I also had a really nice 2003 bottle of Niagara Falls Brewing Company's Eisbock. An 8% brew that was not quite as heavy and sweet as I would like in an Eisbock, but on the other side of the coin, it was a remarkably rich beer for how clean and dry(ish) it was. I certainly don't mean to say it was a dry beer. Big Munich malt notes on the nose and on the palate. Very nice carbonation level, medium to high. Maybe that's why it seemed not quite as thick and sweet? This bottle, a 25oz, was a really good deal at 6$ Canadian!

Here's a pic of some of my Canadian haul. Did I take pictures of other stuff? No. That would have involved clear common sense thinking, something I definately was lacking on the trip.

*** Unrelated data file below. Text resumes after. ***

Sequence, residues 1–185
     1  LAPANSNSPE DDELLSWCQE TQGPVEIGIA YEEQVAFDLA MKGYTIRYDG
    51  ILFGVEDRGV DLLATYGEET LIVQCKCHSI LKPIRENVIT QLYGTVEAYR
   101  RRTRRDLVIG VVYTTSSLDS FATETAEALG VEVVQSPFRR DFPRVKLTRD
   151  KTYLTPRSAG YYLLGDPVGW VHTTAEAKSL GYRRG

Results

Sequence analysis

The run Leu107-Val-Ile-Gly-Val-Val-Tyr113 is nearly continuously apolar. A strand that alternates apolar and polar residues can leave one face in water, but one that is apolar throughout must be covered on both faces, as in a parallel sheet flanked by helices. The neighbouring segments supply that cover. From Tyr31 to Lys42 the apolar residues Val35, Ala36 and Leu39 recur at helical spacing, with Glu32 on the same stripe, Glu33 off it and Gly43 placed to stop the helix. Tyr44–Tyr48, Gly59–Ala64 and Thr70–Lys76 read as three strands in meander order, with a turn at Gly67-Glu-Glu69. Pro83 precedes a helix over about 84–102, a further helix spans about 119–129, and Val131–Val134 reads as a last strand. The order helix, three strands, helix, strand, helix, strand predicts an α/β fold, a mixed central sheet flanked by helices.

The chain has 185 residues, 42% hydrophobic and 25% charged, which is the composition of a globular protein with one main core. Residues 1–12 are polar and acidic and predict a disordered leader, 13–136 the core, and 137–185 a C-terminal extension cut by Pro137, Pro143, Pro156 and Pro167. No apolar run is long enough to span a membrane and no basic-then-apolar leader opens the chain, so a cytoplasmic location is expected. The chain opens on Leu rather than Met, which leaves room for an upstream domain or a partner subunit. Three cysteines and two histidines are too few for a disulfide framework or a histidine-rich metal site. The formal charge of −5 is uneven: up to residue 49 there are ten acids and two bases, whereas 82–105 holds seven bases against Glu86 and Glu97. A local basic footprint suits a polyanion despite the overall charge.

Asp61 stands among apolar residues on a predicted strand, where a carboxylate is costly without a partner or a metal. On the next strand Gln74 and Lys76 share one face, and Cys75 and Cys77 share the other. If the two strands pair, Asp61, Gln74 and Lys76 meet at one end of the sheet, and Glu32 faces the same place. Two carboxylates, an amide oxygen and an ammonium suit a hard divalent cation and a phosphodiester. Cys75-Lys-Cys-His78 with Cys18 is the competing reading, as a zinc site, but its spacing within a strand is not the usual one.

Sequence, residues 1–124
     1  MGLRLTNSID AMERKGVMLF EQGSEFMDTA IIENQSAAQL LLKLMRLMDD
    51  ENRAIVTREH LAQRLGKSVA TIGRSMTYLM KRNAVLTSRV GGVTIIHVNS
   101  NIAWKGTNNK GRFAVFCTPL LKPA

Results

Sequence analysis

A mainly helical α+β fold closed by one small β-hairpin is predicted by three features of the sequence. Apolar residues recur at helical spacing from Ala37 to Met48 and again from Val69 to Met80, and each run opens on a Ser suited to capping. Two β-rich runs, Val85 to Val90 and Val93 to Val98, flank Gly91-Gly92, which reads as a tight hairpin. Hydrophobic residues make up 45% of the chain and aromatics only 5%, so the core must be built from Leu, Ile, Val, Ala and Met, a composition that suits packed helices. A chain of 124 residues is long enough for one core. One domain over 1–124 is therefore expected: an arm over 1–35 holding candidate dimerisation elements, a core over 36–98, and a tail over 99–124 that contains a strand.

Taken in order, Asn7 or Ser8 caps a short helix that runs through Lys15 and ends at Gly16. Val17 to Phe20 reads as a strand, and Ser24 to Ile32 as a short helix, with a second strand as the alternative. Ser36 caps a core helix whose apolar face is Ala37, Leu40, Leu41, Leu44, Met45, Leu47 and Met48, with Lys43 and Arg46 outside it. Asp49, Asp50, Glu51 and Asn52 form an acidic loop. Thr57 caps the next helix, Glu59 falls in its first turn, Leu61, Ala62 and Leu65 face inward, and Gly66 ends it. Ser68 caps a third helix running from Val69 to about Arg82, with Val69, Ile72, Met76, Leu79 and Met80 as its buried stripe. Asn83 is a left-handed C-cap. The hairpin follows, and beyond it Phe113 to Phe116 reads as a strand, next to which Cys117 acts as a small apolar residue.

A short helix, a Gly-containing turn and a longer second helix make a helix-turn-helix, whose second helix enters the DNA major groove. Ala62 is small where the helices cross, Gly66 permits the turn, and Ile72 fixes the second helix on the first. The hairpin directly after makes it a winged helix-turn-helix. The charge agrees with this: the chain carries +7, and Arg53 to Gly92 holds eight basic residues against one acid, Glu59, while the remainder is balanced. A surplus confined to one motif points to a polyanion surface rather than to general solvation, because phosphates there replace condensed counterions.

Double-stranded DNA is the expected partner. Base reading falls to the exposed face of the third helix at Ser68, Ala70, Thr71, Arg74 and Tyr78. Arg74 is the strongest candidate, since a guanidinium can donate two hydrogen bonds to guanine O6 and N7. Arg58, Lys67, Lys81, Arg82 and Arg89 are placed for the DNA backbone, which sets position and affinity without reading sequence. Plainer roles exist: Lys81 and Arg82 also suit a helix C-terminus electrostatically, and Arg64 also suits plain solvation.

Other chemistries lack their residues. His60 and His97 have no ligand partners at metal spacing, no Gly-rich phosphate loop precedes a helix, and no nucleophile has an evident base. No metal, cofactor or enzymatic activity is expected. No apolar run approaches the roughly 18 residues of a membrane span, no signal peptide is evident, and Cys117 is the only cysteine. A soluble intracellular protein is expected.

The banquet for our conference, the one where I got to sit with Michael Ruse and David Hull, was sponsored by Sleeman Brewing Company, which is also based in Guelph. Now Sleeman is a huge brewery. They've gotta be one of the biggest in Canada behind Labatt, Moosehead etc. And they've been on the craft brewer's radar since they purchased Unibroue, one of the most successful and popular Belgian-style breweries in the United States (if not in the world).

What's cool about Sleeman is that they don't brew mainly macro style lagers. Yes they brew a low crab beer and a pils, but their other flagships are a 'honeybrown ale', a 'cream ale', a steam beer and an amber. Incidently, that was all they had at the banquet, no Unibroue, but it was definately better than BMC. I had two cream ales. They were ok.

No comments: